Exploring Ellora Caves

The day before yesterday, we visited the Ellora Caves.  I don’t recall mentioning exactly how hot it was there.  Temperatures were exceptionally high and it was hot even for the locals.  The days we spent at Ajanta and Ellora were around 98 degrees.  It was a dry heat that had us scurrying from one shady spot to another.

Ellora temples and shrines are enormous in scope and unbelievable to behold!

Ellora temples and shrines are enormous in scope and unbelievable to behold!  My camera could never capture the enormity of the place.  This was all sculpted right out of the existing stone.

The Kailasha is a great monolithic rock cut temple at Ellora Caves near Aurangabad. It is the largest monolithic temple in the world. It’s three times larger than the Parthenon and was excavated from top to bottom and was scooped out from the outside to the inside.   The temple was started in 735AD and took more than 200 years to complete. I learned today that “monolithic” means “cut from one stone”.  In other words, the Kailasha monumental temples are entirely carved from one massive stone. No stones were cut elsewhere and brought in. On the contrary, stone were carved away in order to create the prayer halls and other areas of worship.

The temple is a vast complex and is the abode of Shiva. At one point in history, many of the statues were literally defaced by Muslim invaders. Sadly, the invaders chopped off the noses -and sometimes hands)- from many of the precious ancient statues and carvings. They felt that if they hacked off noses, the statues would symbolize a dying religion since a nose-less face cannot breathe.  Even given this damage, the entire complex is exquisite. I could have stayed there all day!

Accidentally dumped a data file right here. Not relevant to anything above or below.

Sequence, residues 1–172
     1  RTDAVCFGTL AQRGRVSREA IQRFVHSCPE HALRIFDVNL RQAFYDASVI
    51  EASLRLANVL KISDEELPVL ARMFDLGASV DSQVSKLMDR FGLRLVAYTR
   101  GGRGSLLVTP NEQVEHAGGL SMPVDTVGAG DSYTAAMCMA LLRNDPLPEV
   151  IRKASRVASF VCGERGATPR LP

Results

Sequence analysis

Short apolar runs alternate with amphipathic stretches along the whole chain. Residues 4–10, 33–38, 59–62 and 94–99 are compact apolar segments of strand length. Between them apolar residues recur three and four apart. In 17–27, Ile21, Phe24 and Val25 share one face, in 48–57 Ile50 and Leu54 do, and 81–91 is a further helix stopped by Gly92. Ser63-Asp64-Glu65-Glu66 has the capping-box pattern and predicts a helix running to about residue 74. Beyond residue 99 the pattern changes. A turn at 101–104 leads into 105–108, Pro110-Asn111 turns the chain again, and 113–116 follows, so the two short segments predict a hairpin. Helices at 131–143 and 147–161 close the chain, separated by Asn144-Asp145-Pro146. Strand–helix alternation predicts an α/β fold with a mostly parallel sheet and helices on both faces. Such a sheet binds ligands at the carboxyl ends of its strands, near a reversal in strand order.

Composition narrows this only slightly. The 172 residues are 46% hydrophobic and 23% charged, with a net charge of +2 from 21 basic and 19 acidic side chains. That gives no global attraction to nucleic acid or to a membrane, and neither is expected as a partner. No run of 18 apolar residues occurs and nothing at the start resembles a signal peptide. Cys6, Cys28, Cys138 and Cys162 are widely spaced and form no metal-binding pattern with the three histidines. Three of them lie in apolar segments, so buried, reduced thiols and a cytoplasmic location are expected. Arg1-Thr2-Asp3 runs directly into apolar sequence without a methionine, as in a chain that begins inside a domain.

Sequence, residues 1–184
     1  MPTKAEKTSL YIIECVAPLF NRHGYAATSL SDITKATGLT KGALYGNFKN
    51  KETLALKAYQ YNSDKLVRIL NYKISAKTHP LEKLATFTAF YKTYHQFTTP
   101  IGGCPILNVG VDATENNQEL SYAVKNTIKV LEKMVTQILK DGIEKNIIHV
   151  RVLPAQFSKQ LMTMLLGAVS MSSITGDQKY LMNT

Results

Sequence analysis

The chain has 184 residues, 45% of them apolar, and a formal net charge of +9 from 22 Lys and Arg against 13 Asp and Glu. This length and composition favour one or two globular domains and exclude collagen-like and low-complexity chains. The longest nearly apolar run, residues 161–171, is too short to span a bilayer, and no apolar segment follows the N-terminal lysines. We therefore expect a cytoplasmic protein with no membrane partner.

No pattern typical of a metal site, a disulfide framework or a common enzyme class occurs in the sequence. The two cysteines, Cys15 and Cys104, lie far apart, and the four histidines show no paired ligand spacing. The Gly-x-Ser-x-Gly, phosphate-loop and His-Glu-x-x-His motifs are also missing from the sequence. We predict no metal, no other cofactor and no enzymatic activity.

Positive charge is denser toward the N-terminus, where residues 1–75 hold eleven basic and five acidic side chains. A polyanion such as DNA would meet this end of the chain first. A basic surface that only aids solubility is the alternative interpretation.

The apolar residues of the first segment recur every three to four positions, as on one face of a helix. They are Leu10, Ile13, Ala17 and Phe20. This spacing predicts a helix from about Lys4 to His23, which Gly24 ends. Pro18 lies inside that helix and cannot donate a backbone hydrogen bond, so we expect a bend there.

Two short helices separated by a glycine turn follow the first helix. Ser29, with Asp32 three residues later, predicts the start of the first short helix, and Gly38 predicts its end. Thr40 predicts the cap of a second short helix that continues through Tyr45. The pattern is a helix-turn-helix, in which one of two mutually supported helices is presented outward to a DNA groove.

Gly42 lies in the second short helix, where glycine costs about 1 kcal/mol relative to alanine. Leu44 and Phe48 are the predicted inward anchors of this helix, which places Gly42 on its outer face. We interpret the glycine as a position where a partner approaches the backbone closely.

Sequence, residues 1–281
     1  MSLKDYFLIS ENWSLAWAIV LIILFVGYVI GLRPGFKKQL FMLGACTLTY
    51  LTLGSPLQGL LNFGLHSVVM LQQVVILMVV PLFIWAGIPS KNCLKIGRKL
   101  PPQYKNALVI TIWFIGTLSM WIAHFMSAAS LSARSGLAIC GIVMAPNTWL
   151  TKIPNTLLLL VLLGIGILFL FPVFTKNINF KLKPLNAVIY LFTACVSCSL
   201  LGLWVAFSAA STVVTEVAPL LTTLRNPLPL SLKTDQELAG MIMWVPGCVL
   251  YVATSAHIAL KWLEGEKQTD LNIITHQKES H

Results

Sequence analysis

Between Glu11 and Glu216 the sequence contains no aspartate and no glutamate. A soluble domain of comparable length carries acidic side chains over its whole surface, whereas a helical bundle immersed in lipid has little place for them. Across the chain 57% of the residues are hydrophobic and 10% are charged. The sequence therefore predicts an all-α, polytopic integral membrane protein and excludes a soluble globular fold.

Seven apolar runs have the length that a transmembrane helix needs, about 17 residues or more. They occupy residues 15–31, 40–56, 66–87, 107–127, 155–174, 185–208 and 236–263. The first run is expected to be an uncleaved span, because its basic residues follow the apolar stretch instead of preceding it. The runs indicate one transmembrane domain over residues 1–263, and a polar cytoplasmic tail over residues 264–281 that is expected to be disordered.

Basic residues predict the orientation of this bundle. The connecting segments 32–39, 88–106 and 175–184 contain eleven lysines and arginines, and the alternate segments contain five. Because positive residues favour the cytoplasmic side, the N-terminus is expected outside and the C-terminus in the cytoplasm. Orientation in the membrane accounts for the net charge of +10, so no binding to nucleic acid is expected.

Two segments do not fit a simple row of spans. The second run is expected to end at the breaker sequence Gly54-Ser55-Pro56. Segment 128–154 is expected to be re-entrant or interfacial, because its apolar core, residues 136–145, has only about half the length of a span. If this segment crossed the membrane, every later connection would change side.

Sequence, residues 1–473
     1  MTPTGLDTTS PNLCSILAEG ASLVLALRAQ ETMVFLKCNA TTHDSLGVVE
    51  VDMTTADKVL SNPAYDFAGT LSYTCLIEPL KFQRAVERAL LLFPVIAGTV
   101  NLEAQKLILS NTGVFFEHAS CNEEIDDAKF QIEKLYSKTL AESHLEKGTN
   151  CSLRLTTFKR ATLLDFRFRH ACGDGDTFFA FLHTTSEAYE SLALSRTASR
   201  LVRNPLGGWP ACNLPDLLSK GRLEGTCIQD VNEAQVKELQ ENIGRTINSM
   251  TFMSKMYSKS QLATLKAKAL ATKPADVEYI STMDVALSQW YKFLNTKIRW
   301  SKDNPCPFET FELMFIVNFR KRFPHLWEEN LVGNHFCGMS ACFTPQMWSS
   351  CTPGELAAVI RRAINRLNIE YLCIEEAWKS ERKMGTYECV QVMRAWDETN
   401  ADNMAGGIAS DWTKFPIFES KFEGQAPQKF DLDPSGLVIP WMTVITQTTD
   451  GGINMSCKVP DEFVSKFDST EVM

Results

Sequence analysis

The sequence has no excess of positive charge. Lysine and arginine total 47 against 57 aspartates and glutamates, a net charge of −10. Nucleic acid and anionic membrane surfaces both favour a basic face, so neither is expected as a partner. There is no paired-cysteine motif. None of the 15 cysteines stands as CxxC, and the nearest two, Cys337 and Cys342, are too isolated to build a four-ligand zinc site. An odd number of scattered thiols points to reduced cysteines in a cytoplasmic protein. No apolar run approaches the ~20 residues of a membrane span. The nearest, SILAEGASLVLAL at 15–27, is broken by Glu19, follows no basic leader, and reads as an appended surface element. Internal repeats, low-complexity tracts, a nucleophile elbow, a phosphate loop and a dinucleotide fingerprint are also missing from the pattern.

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You can get more of a feel of enormity when compared to the size of the crowd

You can get more of a feel of enormity when compared to the size of the crowd

Kelley and Fran's feet next to Buddha's foot

Kelley and Fran’s feet next to Buddha’s foot

You can wander freely into all the structures. They are solid and mysterious.

You can wander freely into all the structures. They are solid and mysterious.

One of the highlights of visiting these ancient sites is meeting other people visiting and worshiping at the temples.  I missed out on over half the tour because a huge family got a hold of me and wanted to take photos and have their photos taken.  When I went to remove my hat, they would ask me to please keep my hat on.  I guess they found my hat charming and exotic.

This woman posing with Tone took my hat off and placed it on her head for the photo! She was there with her three sisters and their children.

This woman posing with Tone took my hat off and placed it on her head for the photo! She was there with her three sisters and their children.

sisters

Sisters

Sisters (Karin and Cindi)

Sisters (Karin and Cindi)

All the sisters with me

The four sisters with Jeri, Susan, and me with my hat on

Soon we had more and more people crowding around for photos. We exchanged names.  Usually, when we were  talking, they were all smiles.  As soon as we went to take photos, our new friends became serious, solemn, stood up straight. and tried to look as dignified as possible!  As soon as the photo was taken, they would relax and become all smiles again.

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Dignified couple! Their whole family was there.

Dignified couple! Their whole family was there.

Nancy with some people we met at Ellora

Nancy with some people we met at Ellora

Hugs!

Hugs!

Another beautiful family

Another beautiful family

These women are from a very hard hit area of Aurangabad. They have suffered a drought for three years. The government is now supplying water for them so they can survive as farmers. They had a lovely child with them. Their story was translated to us by a person nearby who spoke English

These women posing with Karin are from a very hard hit drought area of Aurangabad. They have suffered a drought for three years. The government is now supplying water for them so they can survive as farmers. They had a lovely child with them. Their story was translated to us by a person nearby who spoke English.  We were deeply moved by their story.

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